Data were analysed to compare alterations in joint margin quadrants, paired articular surfaces within a synovial articulation, left-right laterality, and vertebral level distributions. And to determine associations with age, wither height and sex. Seventy-two percent of articular processes had bony changes that were considered abnormal.

Osteophyte formation was the most common bony change noted. Overall grades of severity included: normal (28%), mild (45%), moderate (22%), and severe (5%). The highest prevalence of mild changes was localized to the C3-C6 vertebral levels; moderate changes to C6-T2; and severe changes to C2-C3 and C6-T2.

Review of the equine literature suggests that cervical vertebral myelopathy is one of the primary disease processes affecting the equine cervical region. Concurrent osteophyte production has also been reported in studies on cervical vertebral instability. However, enlarged or encroaching articular processes associated with osteoarthritis are often considered a secondary contributing factor to spinal cord compression; rather than as a primary disease process”.

Vertebral level distribution of the osteoarthritis by articulation
Degrees of severity by articulation

The only joint which shows a semblance of similarity is in C6-C7. This is all the more reason why the following quote on the limitations of radiographs is important:

“Radiographic anatomy of the articular process joints of the caudal cervical vertebrae in the horse on lateral and oblique projections”; by J M Withers 1L C VoûteG HammondC J Lischer 1Weipers Centre for Equine Welfare, University of Glasgow, Bearsden Road, Glasgow G61 1QH, UK. EQUINE VETERINARY JOURNAL Equine vet. J. (2009) 

“Plain radiography is the standard imaging technique for investigation of diseases associated with the articular process joints (APJ) of the caudal neck; however, the radiographic anatomy of these structures on both lateral and oblique radiographic projections has not previously been described in detail.

Plain radiography is the primary imaging modality utilised in routine screening for osseous abnormalities of the cervical spine in the horse and a standard technique has been described previously (Whitwell and Dyson 1987; Butler et al. 2008). Routinely, this is performed with the horse standing and is limited to lateral-lateral projections (Whitwell and Dyson 1987; Butler et al. 2008).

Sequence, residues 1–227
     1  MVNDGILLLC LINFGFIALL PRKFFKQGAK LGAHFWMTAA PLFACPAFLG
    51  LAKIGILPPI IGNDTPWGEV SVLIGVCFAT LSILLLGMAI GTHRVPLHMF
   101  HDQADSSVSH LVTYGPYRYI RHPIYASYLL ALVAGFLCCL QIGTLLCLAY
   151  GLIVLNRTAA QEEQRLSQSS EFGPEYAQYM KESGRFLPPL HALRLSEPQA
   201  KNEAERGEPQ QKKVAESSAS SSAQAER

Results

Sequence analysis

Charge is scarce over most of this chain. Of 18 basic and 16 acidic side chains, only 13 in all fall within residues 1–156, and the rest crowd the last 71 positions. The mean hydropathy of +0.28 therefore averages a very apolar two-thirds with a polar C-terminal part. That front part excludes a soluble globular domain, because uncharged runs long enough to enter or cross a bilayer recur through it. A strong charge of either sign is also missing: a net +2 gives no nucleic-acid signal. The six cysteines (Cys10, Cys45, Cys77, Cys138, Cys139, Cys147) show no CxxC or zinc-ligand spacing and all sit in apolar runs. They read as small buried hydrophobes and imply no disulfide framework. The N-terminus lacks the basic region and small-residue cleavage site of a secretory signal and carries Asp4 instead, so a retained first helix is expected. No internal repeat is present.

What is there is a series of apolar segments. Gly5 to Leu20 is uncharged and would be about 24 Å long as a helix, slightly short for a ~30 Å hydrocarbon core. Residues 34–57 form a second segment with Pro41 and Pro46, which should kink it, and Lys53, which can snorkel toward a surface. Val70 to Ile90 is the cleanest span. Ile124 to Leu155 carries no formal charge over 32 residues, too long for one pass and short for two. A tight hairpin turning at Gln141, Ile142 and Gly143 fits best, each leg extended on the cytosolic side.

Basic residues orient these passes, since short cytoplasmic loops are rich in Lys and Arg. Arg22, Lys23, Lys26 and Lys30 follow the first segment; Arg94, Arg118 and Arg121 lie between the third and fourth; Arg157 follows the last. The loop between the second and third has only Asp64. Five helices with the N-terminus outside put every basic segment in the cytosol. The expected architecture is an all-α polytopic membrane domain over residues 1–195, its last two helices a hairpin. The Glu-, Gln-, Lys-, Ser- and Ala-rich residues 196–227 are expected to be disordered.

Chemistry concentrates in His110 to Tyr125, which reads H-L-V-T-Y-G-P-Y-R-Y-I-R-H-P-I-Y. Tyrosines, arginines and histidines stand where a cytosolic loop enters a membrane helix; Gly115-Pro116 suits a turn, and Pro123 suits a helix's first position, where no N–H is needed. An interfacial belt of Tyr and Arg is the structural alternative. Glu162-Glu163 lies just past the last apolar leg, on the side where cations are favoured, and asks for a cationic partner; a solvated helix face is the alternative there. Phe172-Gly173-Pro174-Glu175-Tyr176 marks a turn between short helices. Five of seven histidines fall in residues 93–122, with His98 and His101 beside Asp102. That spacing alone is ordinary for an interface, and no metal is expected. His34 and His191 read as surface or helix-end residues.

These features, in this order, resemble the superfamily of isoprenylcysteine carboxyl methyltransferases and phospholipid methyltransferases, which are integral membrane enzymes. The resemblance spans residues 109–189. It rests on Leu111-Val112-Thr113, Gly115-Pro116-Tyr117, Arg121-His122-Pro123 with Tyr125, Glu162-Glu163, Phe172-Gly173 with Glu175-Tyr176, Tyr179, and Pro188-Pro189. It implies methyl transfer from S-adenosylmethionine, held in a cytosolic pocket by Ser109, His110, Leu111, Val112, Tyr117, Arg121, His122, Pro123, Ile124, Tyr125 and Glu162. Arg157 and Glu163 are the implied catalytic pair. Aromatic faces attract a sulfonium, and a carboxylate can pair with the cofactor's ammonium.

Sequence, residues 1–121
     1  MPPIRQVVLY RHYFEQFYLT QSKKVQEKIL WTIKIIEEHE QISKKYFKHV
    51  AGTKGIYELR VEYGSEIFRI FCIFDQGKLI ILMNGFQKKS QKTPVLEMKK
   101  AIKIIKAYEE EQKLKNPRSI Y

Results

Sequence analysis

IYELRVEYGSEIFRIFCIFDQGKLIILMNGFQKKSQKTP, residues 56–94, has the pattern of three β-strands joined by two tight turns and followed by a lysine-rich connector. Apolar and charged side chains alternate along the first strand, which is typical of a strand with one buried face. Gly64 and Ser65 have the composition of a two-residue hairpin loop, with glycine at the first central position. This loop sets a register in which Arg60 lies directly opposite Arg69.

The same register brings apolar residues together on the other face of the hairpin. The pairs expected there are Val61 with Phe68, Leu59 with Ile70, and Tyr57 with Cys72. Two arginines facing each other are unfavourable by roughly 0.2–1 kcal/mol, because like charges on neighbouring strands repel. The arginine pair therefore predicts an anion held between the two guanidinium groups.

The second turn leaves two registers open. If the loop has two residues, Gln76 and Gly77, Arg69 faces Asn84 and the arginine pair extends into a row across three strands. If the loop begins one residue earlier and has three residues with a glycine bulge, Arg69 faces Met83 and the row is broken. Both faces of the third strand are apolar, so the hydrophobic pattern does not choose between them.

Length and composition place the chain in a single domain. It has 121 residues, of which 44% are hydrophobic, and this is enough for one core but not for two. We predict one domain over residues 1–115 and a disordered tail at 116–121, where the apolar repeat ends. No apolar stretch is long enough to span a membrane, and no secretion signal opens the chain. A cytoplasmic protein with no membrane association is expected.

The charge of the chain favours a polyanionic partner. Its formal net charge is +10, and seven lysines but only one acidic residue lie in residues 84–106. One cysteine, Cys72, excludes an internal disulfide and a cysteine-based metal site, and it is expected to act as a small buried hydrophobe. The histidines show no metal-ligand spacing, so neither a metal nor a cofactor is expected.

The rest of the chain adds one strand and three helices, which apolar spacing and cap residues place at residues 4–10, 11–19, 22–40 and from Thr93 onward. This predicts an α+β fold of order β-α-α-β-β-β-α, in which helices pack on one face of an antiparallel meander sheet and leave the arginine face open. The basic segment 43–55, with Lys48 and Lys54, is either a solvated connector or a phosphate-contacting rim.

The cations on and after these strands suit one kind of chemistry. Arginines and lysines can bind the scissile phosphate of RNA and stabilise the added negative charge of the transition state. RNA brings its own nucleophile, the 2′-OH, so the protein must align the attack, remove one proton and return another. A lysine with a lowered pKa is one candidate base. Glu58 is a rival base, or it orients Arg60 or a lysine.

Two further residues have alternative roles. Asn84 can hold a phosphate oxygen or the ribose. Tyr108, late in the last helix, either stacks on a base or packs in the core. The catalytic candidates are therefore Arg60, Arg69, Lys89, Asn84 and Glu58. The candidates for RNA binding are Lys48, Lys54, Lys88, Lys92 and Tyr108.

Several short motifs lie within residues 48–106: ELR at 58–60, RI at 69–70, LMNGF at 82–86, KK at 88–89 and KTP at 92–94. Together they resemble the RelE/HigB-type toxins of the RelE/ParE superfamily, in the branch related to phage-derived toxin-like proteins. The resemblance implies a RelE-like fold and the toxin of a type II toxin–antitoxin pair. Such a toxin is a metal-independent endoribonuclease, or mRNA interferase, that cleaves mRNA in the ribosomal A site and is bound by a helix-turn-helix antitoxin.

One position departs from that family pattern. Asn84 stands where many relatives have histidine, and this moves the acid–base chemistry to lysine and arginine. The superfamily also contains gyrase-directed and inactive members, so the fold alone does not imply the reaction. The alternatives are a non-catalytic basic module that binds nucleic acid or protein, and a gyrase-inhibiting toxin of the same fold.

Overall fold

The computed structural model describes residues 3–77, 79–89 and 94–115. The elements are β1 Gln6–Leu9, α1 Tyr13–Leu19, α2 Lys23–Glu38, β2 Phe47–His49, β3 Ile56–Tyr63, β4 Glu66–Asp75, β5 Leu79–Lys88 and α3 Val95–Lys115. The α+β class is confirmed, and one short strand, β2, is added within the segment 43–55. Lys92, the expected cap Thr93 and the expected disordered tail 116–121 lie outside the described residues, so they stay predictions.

Interpretation of cervical radiographs can be challenging due to the complex radiographic anatomy and overlap of structures on either side of the neck. Furthermore, because radiographs are 2D presentations of 3D structures, clinically significant lesions may be inadequately visualised when radiographs are obtained in one plane only. This limitation is illustrated in the difficulty in detecting axial enlargement of the articular processes on plain lateral-lateral radiographs (Butler et al. 2008)”.


In addition, there are numerous possible causes of a cervical problem, as well as the possibility that a horse may have several problems at the same time, as the next chart shows.


Cervical vertebra-number/type of lesions

cervical vertebra-number and type of lesions
Source: “Computed tomography and myelography of the equine cervical spine: 180 cases (2013–2018)”, C. M. LindgrenL. WrightM. KristoffersenS. M. Puchalski; 2020, cc

There are also numerous types of osseous changes, as described next.


Prevalence of osseous changes

Prevalenc of osseous changes by type
Note: Prevalence of the types of bony changes that are localized to the cranial (blue) and caudal (yellow) articular processes across all subjects.


Examples of osseous changes

Hyperflexion-rollkur can damage the horse's neck & nuchal ligament. Example of osseous change-modelling
Hyperflexion-rollkur can damage the horse's neck & nuchal ligament. Example of osseous change-flattening